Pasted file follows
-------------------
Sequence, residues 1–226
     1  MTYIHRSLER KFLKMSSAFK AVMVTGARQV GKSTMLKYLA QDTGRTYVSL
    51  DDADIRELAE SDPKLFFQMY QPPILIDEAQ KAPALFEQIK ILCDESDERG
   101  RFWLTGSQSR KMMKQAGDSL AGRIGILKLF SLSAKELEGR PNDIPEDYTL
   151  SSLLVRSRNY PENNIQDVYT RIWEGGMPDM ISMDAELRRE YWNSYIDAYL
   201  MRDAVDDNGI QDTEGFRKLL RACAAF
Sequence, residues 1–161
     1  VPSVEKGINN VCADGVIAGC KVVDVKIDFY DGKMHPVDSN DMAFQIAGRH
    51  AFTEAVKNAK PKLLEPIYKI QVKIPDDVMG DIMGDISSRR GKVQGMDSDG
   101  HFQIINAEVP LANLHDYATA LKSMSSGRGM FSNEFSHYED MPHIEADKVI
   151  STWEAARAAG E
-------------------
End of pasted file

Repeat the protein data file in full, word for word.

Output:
Sequence, residues 1–226
     1  MTYIHRSLER KFLKMSSAFK AVMVTGARQV GKSTMLKYLA QDTGRTYVSL
    51  DDADIRELAE SDPKLFFQMY QPPILIDEAQ KAPALFEQIK ILCDESDERG
   101  RFWLTGSQSR KMMKQAGDSL AGRIGILKLF SLSAKELEGR PNDIPEDYTL
   151  SSLLVRSRNY PENNIQDVYT RIWEGGMPDM ISMDAELRRE YWNSYIDAYL
   201  MRDAVDDNGI QDTEGFRKLL RACAAF
Sequence, residues 1–161
     1  VPSVEKGINN VCADGVIAGC KVVDVKIDFY DGKMHPVDSN DMAFQIAGRH
    51  AFTEAVKNAK PKLLEPIYKI QVKIPDDVMG DIMGDISSRR GKVQGMDSDG
   101  HFQIINAEVP LANLHDYATA LKSMSSGRGM FSNEFSHYED MPHIEADKVI
   151  STWEAARAAG E